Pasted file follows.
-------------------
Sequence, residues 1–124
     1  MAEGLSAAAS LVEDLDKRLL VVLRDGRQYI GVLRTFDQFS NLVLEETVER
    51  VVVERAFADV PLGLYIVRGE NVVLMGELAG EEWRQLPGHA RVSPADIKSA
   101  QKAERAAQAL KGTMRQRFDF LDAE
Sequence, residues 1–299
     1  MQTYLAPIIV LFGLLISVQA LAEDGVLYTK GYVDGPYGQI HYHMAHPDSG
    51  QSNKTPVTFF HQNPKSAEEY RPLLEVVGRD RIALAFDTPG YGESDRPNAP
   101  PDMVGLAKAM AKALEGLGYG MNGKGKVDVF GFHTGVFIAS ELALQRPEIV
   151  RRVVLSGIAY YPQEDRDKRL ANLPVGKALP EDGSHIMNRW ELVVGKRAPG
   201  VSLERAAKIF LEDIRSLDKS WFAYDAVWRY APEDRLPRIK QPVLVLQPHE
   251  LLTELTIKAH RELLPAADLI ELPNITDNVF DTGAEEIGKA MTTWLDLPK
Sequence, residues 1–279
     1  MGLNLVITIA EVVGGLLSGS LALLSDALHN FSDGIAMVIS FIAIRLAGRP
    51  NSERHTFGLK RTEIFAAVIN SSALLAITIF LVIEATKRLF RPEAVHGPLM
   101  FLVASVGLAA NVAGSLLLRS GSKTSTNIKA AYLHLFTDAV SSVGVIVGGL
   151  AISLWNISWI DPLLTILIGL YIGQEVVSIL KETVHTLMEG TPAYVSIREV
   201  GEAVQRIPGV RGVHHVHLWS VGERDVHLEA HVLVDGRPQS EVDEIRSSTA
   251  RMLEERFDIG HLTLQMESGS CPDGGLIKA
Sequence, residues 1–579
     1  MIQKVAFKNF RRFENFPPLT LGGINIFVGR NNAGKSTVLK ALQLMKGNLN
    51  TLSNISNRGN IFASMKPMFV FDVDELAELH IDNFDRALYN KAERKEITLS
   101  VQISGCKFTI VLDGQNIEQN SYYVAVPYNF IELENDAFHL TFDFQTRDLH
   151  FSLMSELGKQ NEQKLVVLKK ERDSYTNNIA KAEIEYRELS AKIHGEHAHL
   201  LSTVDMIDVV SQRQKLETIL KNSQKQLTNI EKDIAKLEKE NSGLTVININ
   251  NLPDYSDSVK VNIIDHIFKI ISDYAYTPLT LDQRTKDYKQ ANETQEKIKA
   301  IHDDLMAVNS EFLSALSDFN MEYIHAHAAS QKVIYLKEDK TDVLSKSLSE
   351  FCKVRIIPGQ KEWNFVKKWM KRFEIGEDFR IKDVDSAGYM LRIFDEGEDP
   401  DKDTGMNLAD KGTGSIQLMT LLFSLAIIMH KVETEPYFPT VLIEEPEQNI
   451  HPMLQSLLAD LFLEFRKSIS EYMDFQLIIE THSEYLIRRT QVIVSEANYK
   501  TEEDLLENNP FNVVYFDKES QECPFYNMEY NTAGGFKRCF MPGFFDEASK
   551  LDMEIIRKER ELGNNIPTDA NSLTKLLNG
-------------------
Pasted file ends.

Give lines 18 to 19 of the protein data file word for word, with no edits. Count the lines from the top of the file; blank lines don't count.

   251  RMLEERFDIG HLTLQMESGS CPDGGLIKA
Sequence, residues 1–579